The truly pathetic thing about the bigger, longer, and uncut big-screen Entourage is that even exponentially dumber filmmakers still could have lapsed, even haphazardly, into more rewarding moments of cheap Hollywood meta humor. No one working in Hollywood today is unaware of the industry’s gaudy ridiculousness, least of all the Ten Commandments-sized cast list of celebrities and business mavens who agreed to skewer themselves in cameos peppered throughout, but it takes a pack of bros with a pretty heroic lack of introspection to craft a lazy paean to prick-entitlement this unrepentant. If ever there was a movie equivalent of dad bod, Entourage is it.
Picking up a good few years after the close of the HBO show’s eighth and final season, Entourage starts by plunking its rapacious quartet onto a yacht straight from the docks of The Wolf of Wall Street. To the extent that writer-director-creator Doug Ellin wants you to focus on anything beyond the topless porn stars and free-flowing Cristal, it becomes clear that Vincent Chase (Adrian Grenier) is riding high on an ever-mounting crest of success, and his hangers-on are unabashedly feeling the lift from his tailwind. Turtle (Jerry Ferrara), fresh off what appears to be a crash tapeworm diet, is rolling in green from a liquor-branding coup. Vince’s half-ish brother, Drama (Kevin Dillon), only has to pay for sex maybe once or twice a month. And E (Kevin Connolly) has graduated to the Tinseltown big leagues, netting the chance to produce Vince’s upcoming self-directed vanity project that, thanks in part to the largesse of newly crowned head of production Ari Gold (Jeremy Piven), is spiraling wildly over budget.
Unsurprisingly, the film positions women as the most conspicuous roadblock to their success. Whether actively or indirectly, the men of Entourage find their aspirations constantly thwarted, sidelined, or sabotaged by their “better” halves and ingénues. E’s pregnant ex keeps him on the hook of “maybe” getting back together, thereby absolving him of any guilt he might feel for banging supermodels. Ari’s spouse has a long list drawn up of qualifications for allowing him to go back to work in the industry, one which might as well include the dictum “Don’t breathe.” And when Vince’s production gets held up by its chief financiers (a swaggering father-son pair of Texas blowhards played by Billy Bob Thornton and a lip-licking Haley Joel Osment), it doesn’t take long before the group realizes it’s not artistic differences fueling their animosity, but macho turf wars.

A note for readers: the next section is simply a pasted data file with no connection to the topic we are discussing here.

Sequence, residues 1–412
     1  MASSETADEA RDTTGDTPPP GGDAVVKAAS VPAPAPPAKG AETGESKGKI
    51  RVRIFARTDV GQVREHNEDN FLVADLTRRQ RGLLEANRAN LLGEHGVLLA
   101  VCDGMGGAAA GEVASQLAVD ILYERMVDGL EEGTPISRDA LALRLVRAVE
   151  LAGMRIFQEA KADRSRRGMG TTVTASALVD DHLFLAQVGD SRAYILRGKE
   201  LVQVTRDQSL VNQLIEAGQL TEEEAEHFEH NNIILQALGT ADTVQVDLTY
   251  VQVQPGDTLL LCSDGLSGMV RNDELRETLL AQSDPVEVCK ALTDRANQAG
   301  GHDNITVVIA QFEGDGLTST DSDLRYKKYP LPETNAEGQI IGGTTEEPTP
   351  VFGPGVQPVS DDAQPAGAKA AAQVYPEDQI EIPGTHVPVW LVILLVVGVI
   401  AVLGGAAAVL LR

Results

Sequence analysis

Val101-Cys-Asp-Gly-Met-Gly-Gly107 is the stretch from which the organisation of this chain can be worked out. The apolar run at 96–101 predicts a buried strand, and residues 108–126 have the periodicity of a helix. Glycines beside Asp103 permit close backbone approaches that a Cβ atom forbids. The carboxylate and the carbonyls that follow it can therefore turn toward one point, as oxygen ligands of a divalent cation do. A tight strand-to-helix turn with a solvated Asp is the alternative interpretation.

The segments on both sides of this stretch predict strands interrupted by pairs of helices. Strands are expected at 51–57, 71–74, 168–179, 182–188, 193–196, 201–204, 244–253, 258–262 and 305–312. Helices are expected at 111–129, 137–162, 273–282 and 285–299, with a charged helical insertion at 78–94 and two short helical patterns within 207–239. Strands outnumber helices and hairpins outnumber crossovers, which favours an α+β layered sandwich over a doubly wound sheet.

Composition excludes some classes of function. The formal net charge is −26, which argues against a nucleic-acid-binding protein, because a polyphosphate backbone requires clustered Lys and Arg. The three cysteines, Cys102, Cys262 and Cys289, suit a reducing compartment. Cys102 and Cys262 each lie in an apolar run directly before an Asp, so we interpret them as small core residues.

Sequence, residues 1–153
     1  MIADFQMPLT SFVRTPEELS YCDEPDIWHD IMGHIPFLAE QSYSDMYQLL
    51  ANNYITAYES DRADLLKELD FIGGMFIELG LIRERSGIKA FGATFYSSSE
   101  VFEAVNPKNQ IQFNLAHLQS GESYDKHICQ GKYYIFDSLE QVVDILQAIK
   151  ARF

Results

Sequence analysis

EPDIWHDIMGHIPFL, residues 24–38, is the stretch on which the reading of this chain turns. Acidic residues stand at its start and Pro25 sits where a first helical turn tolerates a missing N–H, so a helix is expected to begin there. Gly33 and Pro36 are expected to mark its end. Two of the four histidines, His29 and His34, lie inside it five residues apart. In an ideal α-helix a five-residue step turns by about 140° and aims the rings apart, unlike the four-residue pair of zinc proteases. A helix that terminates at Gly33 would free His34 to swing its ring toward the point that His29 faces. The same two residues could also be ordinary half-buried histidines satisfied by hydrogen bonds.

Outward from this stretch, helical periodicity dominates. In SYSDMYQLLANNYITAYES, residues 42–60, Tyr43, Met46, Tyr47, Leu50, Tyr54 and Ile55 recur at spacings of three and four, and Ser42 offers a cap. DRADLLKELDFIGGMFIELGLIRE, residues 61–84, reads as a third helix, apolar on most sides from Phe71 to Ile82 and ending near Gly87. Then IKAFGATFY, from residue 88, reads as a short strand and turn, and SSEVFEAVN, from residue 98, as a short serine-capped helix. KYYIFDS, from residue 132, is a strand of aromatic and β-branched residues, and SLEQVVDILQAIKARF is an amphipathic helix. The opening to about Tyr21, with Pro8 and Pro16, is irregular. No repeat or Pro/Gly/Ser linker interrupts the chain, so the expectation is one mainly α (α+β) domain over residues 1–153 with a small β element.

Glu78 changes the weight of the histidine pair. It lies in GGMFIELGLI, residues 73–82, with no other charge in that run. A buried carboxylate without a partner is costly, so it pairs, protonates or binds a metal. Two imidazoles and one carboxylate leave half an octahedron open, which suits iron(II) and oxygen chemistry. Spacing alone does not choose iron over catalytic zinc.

Hell, you want more proof that Entourage is nothing more than an overgrown Ferris Bueller’s day off from the distaff staff? Look no further than that roster of star cameos for confirmation. With but one solitary exception (Jessica Alba, who pouts at Ari and threatens to walk off the production if he doesn’t green-light her next movie), it’s a 100% USDA-approved sausage fest. Kelsey Grammer, Tom Brady, Mark Cuban, Ed O’Neill, David Spade, Bob Sagat, Gary Busey, Rob Gronkowski, Julian Edelman, and a whole bunch of other broguls who probably skipped Mad Max: Fury Road on principle. (If “fellow” HBO feature-length spinoff Sex and the City 2 used a splashy gay wedding to assertively establish that film’s devotion to frivolity, Entourage tellingly delegates its gay wedding to a post-credits punchline.)
Long before the reptilian Ari punches out a framed portrait while taking a business call in the middle of a therapy session with his wife (a supposedly rousing moment that may as well have been underscored by Thin Lizzy’s “The Boys Are Back in Town”), it’s abundantly clear that Vince’s choice of material doesn’t represent self-critique at all. His “Calvin Harris drops some EDM Blade Runner in Ibiza” adaptation of Robert Louis Stevenson’s Dr. Jekyll and Mr. Hyde only cites the latter half’s name in the title, which should be fitting and satirical, but in this context only confirms that the id behind Entourage knows not and cares not what its other half does. At the very least, though, the movie saves its one decent joke at Hollywood’s expense for last, when Doug Ellin stages Hyde’s triumphant redemption at, no, not the Oscars, but the Golden Globes. Now that’s entertainment!